Mowing Life Lessons
Based on the immense (and frankly, somewhat inexplicable) popularity of the last Whatever, I now present All The Things I Didn’t Know I Didn’t Know About Mowing My Lawn, an excerpt of my upcoming (and no doubt soon-to-be-spectacularly-successful) yard care book, Everything I Ever Knew About Mowing I Learned in Just the Last Two Weeks. Any resemblance between what you read here and heartwarming lessons about life and love is purely coincidental. Unless it helps me turn this pathetic idea into another Chicken Soup For the Soul-like juggernaut. In which case, I meant to do that.
1. You Must Mow Counter-Clockwise. The reason for this is that the blades of death attached to the underside of the lawn tractor take the mulched, decapitated grass stalks and fling them out from the right side of the mower. If you mow counter-clockwise, you get an evenly-distributed dusting of mulch that feeds and fertilizes the lawn much in the same way that beef fats and by-products are used in cow feed to plump up your incipient hamburger (or were, until Mad Cow Disease. Stupid Mad Cow Disease). But if you mow clockwise, you blow the mulch into a continually smaller and higher pile of ever more finely chopped grass particles, until what you’re left with is an unstable ziggurat of grass motes which will collapse upon you at the slightest provocation, saturating you in mower leavings and making you look like the Swamp Thing’s wimpy, suburbanized cousin, Lawn Thing (“Lawnie,” as he is known, derisively, to his kin). You will never get the grass stains out.
2. You Must Not Sweat the Baseball Diamond Pattern. Look: If the Yankees are paying you 75 grand a year to mow a diamond pattern into the Field That Ruth Spat Tobacco Juice Upon (as I believe it is formally called), then by all means make a diamond pattern with your lawn mower. If they’re not, you might as well try to get through your mowing as quickly as possible because you’re just going to have to mow again next week (If the Houston Astros are paying you to make a diamond pattern, go the extra mile and make the diamond look like the Enron “E.” I’m sure they’ll get a big kick out of that one). Any temptation to mow any sort of design into your lawn other than the most utilitarian round-and-round spiral is probably a good sign that you need either to get away from your lawn more often, or you need to be whacked in the head with a sturdy board. It’s your choice.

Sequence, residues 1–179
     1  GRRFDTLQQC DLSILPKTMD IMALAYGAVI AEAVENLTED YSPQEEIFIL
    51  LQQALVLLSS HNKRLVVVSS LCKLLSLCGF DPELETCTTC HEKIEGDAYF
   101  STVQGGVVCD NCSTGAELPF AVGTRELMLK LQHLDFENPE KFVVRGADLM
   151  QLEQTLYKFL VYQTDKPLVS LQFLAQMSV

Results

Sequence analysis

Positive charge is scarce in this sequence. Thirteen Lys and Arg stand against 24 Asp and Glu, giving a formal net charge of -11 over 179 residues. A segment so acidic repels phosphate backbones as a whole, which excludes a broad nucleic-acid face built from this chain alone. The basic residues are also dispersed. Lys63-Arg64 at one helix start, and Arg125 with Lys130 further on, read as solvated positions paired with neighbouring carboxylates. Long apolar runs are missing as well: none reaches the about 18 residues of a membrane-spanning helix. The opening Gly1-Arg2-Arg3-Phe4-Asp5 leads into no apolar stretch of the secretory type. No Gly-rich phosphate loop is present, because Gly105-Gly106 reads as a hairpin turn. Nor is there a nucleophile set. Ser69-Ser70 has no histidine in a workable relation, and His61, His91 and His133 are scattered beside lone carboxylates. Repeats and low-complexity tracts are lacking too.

3. Try Not to Think of the Lady Bugs. Over the course of mowing, you will undoubtedly mulch dozens of these friendly, colorful, useful beetles; you’ll see them clutching the ends of grass stalks, their red, speckled carapaces winking like a 3rd graders’ craft beads just before you run them over and either crush them with your tractor wheels and fling them into the abattoir of whirling blades slung to your tractor’s undercarriage to be diced into confetti. Try not to feel guilty about their tiny little deaths, even though you have the sneaking suspicion that killing lady bugs is the only thing that actually enrages Jesus, and that each lady bug you whack gets you a century in purgatory, where demons force Bowflex commercials upon you until your sins are completely scraped away. Try not to think about the lady bugs at all.
4. Your Lawn Will Try to Shame You. Your front tractor wheels bend down grass stalks, which keep them from being fully mowed, so when you look back, you’ll see little wheel-width-wide rows of slightly taller grass, mocking you to the other grass stalks. Remember your place on the evolutionary ladder, go back and teach those leaves of grass a lesson. Mock you, will they. Let’s see them mock finely-edged blades of metal whirling at thousands of revolutions per minute! Yeah, who’s mocking who now? Huh? Huh? Huh?
5. No Matter How Much It Seems to Be So at the Time, Those Birds Really Are Not Trying To Attack You And Peck Out Your Eyeballs. They’re just after the bugs that are busily fleeing your mower. Honestly, that’s all it is. Oh, fine. Wear protective goggles, you baby.
6. When You Are On Your Lawn Tractor, You Must Wave to Anyone Going By On the Road. And if you live in rural America, as I do, you must especially wave at the farmers cruising by on real tractors; you know, the ones that make your lawn tractor look like a frisky Maltese next to a Great Dane. The farmers really get a kick out of you waving to them; they sort of chuckle and think to themselves I bet that idiot thinks he looks real sharp on that toy as they wave back. Given the sorry state of the American family farm (evidenced by the fact that Congress and the President just sent $190 billion of our tax dollars to prop them up), I feel it’s my duty as a patriotic American to give the local farmers at least one thing to feel smug about.
7. You Will Eat a Bug. Probably more than one. The sooner you accept it, the sooner you can get past it. Just as long as it’s not a lady bug. Jesus is mad enough at you already.